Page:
Cover: The Defender's Dilemma

The Defender's Dilemma

Charting a Course Toward Cybersecurity

Published Jun 10, 2015

by Martin C. Libicki, Lillian Ablon, Timothy Webb


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Research Questions

  1. What are the main goals of CISOs?
  2. How effective are current security systems? What are their weakenesses and strengths?
  3. What factors play a role in an organization's approach to cybersecurity?
  4. How is the world of cybersecurity evolving?

Cybersecurity is a constant, and, by all accounts growing, challenge. Although software products are gradually becoming more secure and novel approaches to cybersecurity are being developed, hackers are becoming more adept, their tools are better, and their markets are flourishing. The rising tide of network intrusions has focused organizations' attention on how to protect themselves better. This report, the second in a multiphase study on the future of cybersecurity, reveals perspectives and perceptions from chief information security officers; examines the development of network defense measures — and the countermeasures that attackers create to subvert those measures; and explores the role of software vulnerabilities and inherent weaknesses. A heuristic model was developed to demonstrate the various cybersecurity levers that organizations can control, as well as exogenous factors that organizations cannot control. Among the report's findings were that cybersecurity experts are at least as focused on preserving their organizations' reputations as protecting actual property. Researchers also found that organizational size and software quality play significant roles in the strategies that defenders may adopt. Finally, those who secure networks will have to pay increasing attention to the role that smart devices might otherwise play in allowing hackers in. Organizations could benefit from better understanding their risk posture from various actors (threats), protection needs (vulnerabilities), and assets (impact). Policy recommendations include better defining the role of government, and exploring information sharing responsibilities.

Key Findings

Common Knowledge Confirmed

  • Security postures are highly specific to company type, size, etc.; and there often aren't good solutions for smaller businesses.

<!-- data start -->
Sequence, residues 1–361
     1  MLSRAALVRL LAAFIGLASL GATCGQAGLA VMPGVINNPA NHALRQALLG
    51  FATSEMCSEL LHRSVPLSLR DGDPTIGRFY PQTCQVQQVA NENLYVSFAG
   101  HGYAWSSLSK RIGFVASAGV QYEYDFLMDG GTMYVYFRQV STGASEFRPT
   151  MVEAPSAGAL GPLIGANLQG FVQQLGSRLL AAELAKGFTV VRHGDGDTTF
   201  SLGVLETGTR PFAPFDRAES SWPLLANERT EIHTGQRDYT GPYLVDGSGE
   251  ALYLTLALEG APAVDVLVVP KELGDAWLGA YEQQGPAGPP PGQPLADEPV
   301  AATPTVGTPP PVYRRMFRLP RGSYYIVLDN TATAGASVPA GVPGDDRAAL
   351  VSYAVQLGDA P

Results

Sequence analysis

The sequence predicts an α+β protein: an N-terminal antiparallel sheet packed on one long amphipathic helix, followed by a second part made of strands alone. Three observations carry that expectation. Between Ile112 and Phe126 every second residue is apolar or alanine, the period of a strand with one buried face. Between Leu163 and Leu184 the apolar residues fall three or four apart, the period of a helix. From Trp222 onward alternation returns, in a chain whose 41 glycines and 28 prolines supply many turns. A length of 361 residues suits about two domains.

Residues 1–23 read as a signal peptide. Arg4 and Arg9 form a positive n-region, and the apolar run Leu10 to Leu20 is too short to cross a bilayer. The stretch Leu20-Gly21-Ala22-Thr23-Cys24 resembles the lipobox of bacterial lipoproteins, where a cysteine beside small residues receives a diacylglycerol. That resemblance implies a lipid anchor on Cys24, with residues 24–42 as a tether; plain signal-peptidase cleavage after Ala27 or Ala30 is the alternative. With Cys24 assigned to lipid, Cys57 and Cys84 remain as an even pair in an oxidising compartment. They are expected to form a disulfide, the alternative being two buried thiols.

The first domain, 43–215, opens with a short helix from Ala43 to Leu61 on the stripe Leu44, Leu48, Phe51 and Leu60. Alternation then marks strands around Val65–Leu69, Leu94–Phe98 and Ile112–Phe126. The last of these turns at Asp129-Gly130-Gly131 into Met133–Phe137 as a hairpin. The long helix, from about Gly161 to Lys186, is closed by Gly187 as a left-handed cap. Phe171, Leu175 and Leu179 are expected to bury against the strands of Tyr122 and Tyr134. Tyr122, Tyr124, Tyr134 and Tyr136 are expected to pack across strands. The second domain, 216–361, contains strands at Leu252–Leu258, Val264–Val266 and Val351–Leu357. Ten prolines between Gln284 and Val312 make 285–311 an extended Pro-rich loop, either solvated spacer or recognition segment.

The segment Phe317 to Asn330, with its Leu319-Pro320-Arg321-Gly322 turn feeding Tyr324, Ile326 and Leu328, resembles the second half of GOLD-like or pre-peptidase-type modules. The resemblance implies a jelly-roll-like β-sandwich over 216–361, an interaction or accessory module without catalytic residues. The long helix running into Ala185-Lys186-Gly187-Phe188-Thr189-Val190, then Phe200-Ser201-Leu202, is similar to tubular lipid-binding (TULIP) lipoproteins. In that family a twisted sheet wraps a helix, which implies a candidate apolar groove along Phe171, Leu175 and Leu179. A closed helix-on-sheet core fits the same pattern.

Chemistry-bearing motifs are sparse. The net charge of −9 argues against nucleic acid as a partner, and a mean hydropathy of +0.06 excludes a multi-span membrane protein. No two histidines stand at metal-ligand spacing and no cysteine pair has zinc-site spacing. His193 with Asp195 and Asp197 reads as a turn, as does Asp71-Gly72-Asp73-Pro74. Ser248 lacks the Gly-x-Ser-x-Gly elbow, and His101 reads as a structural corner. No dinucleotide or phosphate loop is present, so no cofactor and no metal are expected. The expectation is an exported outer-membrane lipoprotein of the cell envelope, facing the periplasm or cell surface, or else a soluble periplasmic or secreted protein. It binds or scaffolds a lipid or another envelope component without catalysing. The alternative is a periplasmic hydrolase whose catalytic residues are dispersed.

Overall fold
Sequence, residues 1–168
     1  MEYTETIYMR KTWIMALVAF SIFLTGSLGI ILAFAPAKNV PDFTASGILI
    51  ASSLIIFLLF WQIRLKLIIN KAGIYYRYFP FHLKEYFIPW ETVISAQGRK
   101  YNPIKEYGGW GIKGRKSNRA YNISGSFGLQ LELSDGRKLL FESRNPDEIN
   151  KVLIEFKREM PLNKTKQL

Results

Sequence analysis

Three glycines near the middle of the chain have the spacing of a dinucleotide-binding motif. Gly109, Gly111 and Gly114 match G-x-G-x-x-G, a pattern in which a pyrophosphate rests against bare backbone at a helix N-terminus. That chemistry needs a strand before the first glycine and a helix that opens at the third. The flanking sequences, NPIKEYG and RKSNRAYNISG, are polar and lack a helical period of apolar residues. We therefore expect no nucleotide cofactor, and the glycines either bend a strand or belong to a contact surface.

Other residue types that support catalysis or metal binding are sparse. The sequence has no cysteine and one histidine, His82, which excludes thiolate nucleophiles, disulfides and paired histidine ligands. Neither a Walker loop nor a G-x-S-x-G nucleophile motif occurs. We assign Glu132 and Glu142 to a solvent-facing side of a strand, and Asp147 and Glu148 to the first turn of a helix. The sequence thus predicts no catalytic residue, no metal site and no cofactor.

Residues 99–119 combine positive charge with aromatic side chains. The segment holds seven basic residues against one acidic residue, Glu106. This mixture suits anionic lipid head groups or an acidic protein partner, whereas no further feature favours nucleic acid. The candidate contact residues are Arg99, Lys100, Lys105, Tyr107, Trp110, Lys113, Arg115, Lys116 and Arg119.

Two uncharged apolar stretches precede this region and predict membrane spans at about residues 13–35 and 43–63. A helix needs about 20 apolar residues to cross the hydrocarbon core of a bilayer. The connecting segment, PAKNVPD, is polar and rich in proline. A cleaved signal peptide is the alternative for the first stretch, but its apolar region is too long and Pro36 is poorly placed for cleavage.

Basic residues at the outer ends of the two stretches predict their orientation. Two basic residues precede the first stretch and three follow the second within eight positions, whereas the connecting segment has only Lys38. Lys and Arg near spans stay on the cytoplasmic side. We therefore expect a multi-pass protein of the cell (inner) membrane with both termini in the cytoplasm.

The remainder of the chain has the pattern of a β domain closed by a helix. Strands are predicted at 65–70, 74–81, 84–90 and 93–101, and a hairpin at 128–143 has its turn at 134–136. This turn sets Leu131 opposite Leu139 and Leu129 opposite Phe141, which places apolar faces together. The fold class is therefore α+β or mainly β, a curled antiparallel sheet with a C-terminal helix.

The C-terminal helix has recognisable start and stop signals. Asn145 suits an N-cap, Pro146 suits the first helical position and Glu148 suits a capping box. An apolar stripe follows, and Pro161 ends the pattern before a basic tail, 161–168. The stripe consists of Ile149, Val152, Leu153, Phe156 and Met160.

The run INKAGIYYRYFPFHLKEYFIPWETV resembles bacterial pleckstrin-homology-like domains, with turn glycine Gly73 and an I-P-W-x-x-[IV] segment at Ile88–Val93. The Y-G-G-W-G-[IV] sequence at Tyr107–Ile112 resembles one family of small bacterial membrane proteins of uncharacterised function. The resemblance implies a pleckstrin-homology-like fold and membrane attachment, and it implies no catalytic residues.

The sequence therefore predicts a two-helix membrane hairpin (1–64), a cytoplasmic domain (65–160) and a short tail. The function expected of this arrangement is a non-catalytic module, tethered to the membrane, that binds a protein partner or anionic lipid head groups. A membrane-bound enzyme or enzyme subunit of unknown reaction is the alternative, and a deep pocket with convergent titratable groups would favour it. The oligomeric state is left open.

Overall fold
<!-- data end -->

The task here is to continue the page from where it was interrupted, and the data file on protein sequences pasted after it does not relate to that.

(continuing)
• Quarantining certain parts of an organization offline can be a useful option.
  • Responding to the desire of employees to bring their own devices and connect them to the network creates growing dilemmas.
  • Chief information security officers (CISOs) feel that attackers have the upper hand, and will continue to have it.

Reasonable Suppositions Validated

  • Customers look to extant tools for solutions even though they do not necessarily know what they need and are certain no magic wand exists.
  • CISOs want information on the motives and methods of specific attackers, but there is no consensus on how such information could be used.
  • Current cyberinsurance offerings are often seen as more hassle than benefit, only useful in specific scenarios, and providing little return.

Surprising Findings

  • A cyberattack's effect on reputation (rather than more direct costs) is the biggest cause of concern for CISOs. The actual intellectual property or data that might be affected matters less than the fact that any intellectual property or data is at risk.
  • In general, loss estimation processes are not particularly comprehensive.
  • The ability to understand and articulate an organization's risk arising from network penetrations in a standard and consistent matter does not exist and will not exist for a long time.


  • Know what needs protecting, and how badly protection is needed. It was striking how frequently reputation was cited by CISOs as a prime cause for cybersecurity spending, as opposed to protecting actual intellectual property. Knowing what machines are on the network, what applications they are running, what privileges have been established, and with what state of security is also crucial. The advent of smart phones, tablets, and so forth compounds the problem.
  • Know where to devote effort to protect the organization. A core choice for companies is how much defense to commit to the perimeter and how much to internal workings.
  • Consider the potential for adversaries to employ countermeasures. As defenses are installed, organizations must realize they are dealing with a thinking adversary and that measures installed to thwart hackers tend to induce countermeasures as hackers probe for ways around or through new defenses.
  • Government efforts aren't high on CISO's lists, but governments should be prepared to play a role. By and large, CISOs we interviewed did not express much interest in government efforts to improve cybersecurity, other than a willingness to cooperate after an attack. Yet it seems likely that government should be able to play a useful role. One option is to build a body of knowledge on how systems fail (a necessary prerequisite to preventing failure), and then share that information. A community that is prepared to share what went wrong and what could be done better next time could produce higher levels of cybersecurity.

The research was conducted within the Acquisition and Technology Policy Center (ATP) Center of the RAND National Security Research Division (NSRD).

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